Lovely ladies! So you may have noticed that there’s been quite a lot of chat recently in the media surrounding breast reductions. It's just come to light that curvaceous Latino actress Sofia Vergara said she is considering having a breast reduction to decrease the size of her 32DDD (UK 32F) boobs after her 17 year old, Modern Family co-star, Ariel Winter underwent the same surgery 6 months ago.
It was widely publicised that Ariel had decided to reduce her bust from 32F to a 34D and she even made headlines again a couple of weeks back, after proudly displaying her surgery scars at the SAG awards in a super sexy, low backed gown. Doesn’t she look hot?!
So, when questioned, Ariel stated that the reason she went through with the surgery was: “I had a lot of back problems. I really couldn't stand up straight for a long period of time. My neck was hurting so bad and I actually had some problems with my spine.”
This seems to be the case for many women with large boobs considering this type of surgery. Plastic surgeon Jonathan Staiano, from BMI Priory hospital in Birmingham even said, “Many say that their bra strap digs in. They tend to hunch over and that can affect their posture. They may also suffer from rashes or fungal infections where the skin of the breast meets the body.” – So some pretty serious stuff!
However this all sounds a little familiar to us. Below is a table showing the list of symptoms required to be considered for breast reduction on the UK's National Health Service (NHS) and also a list showing the symptoms that we find women experience when they have large breasts a wear the incorrect bra size.
So pretty bad symptoms huh?! A well-fitting bra could be the answer. It might not work for everyone but it could certainly work for some.
So to illustrate the lack of education surrounding breast size we re-visit Ariel’s breast reduction story. As it goes she was originally a 32F and had them reduced to a 34D, however as a professional bra fitter this doesn’t really make much sense to me, mainly for the following reasons:
- Ariel Winter is not and was never a 32F – from our point of view she was in completely the wrong bra size. If fitted by a professional her tiny ribcage would be in a 28” back and her breasts in at least a H/HH cup to lift and support her.
- From having a breast reduction Ariel also, unbelievably, seems to have acquired a larger back size, going from a 32” back to a 34” back. (The back size definitely should not be affected if you are only removing breast tissue – how does that work?!)
- Lastly, if Ariel has really gone from a 32F to a 34D, she has really only achieved a bra size that is 2 cup sizes smaller since going under the knife.
So from looking at all these issues, it could be concluded that had Ariel seen a professional bra-fitter instead of a plastic surgeon, she may have felt differently about her boobs. We understand there are hundreds of reasons why women may want breast reduction surgery (aside from physical pain/symptoms) but from a fitting point of view many women aren’t given all the facts from the beginning and this could help to some degree. So could education and the prescription of bras be a way of cutting back on the number of the reductions carried out in the UK and across the world?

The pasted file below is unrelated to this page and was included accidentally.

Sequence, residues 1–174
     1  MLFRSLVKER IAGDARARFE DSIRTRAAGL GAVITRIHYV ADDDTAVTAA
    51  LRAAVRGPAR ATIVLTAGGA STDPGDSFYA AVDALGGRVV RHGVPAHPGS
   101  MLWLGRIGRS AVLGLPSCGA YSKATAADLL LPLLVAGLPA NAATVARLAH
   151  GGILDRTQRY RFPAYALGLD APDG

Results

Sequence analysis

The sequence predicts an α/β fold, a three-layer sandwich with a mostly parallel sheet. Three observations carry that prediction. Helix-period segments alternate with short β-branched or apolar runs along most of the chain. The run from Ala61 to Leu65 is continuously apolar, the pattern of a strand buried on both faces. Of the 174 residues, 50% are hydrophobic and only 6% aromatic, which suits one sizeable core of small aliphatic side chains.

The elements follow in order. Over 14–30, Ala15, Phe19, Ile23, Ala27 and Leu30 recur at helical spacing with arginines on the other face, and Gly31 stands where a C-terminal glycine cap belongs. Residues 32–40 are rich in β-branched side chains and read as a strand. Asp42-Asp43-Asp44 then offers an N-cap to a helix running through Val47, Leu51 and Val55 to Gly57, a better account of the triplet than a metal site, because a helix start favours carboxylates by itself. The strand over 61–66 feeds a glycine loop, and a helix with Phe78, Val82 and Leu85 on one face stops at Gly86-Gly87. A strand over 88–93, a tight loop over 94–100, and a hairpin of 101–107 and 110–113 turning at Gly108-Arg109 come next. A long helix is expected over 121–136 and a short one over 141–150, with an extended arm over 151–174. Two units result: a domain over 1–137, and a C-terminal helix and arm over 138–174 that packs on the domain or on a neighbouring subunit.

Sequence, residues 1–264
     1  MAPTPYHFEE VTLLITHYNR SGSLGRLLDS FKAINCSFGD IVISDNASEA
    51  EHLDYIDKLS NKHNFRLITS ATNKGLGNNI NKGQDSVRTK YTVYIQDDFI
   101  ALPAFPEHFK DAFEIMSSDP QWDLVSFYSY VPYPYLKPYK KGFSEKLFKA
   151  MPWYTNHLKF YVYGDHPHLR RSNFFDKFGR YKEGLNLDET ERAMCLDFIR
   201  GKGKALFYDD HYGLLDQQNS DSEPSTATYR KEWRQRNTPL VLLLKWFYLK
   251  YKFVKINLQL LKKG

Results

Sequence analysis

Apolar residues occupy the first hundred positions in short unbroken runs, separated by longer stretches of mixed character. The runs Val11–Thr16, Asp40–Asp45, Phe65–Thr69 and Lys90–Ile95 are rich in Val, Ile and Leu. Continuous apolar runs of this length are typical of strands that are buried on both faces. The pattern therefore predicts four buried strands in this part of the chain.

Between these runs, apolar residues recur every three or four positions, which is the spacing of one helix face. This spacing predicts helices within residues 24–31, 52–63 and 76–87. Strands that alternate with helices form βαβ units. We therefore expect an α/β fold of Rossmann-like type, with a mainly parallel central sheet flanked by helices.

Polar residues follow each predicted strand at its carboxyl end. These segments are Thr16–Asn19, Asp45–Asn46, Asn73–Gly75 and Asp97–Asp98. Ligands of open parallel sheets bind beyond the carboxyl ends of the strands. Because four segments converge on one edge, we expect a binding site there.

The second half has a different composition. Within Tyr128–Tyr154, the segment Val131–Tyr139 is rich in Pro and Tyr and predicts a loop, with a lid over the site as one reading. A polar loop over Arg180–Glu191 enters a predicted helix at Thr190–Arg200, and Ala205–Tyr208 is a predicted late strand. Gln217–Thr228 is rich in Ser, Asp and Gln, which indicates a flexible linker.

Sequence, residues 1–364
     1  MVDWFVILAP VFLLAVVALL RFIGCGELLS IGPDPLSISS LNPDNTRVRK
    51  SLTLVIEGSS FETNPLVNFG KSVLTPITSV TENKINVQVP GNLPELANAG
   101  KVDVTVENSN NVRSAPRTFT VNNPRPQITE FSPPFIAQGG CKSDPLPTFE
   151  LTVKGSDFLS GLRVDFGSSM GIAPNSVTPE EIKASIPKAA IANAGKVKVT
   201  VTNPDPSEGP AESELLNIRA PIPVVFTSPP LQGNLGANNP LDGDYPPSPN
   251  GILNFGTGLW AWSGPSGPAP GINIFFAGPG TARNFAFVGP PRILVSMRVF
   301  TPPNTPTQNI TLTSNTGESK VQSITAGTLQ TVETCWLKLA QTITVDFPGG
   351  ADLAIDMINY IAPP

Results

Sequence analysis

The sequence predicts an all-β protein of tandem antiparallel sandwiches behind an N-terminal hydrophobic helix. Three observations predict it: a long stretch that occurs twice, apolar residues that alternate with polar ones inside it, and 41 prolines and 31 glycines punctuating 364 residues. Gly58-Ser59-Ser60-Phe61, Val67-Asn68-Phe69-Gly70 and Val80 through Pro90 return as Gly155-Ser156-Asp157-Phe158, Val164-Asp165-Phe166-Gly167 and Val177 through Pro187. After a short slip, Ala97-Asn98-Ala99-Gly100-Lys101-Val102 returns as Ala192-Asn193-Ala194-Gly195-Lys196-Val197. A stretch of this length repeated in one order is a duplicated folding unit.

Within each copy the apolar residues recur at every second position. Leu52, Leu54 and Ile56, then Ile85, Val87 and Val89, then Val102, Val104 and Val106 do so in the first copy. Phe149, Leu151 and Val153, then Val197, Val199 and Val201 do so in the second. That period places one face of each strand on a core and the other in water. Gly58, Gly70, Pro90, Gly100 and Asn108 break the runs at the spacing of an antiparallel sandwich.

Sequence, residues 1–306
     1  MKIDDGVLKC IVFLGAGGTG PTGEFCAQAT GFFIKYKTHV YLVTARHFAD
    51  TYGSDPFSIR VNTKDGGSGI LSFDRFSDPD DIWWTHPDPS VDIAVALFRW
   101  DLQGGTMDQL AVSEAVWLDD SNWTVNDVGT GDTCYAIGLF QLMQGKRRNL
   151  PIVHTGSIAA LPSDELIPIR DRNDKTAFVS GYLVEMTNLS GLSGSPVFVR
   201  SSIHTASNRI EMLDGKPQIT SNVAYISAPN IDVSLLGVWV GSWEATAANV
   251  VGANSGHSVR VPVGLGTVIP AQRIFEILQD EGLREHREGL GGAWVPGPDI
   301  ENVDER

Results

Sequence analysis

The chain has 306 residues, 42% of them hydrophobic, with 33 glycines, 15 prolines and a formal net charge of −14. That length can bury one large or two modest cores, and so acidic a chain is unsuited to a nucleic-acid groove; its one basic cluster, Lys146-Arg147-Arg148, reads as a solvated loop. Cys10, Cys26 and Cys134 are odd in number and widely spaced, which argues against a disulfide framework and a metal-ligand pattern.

An article from the Daily Mail 2014 states: “many thousands are carried out each year by the NHS. According to some reports, 21,328 procedures were carried out between 2006 and 2011, some on girls as young as 15 - which, at £5,000 each, cost taxpayers more than £106 million.”
A pretty big number but it turns out not everyone who asks for a reduction gets one on the NHS. One of our gorgeous Star in a Bra finalists, Alice Rayman, who now wears a 32K, visited her GP a few years back requesting she were put forward for a reduction, however she was refused. It was only when Alice found correctly fitting lingerie that she realised a reduction was pretty extreme and the pain and discomfort she was experiencing could easily be eradicated without going under the knife. A pretty big break-through and something that could easily help certain women.
So this really does pose the questions - Could the humble bra and a basic knowledge of how to fit them save the UK government millions of pounds and also potentially deter women from having dangerous and unnecessary surgery? Would training plastic surgeons in bra fitting and breast size mean that fewer women go under the knife? And lastly does there just need to be more education provided to help women make a more informed decision?
We’d love to hear your thoughts – Have you considered a reduction? Were you refused or did you change your mind? Do you think the bra alone could tackle women’s perceptions of their breasts? Do you find it shocking that highly trained and intelligent plastic surgeons are giving women false bra sizes- more than likely un-knowingly? If you have an opinion then let us know by tweeting us @curvykate using the hashtag #ReductionMatters.
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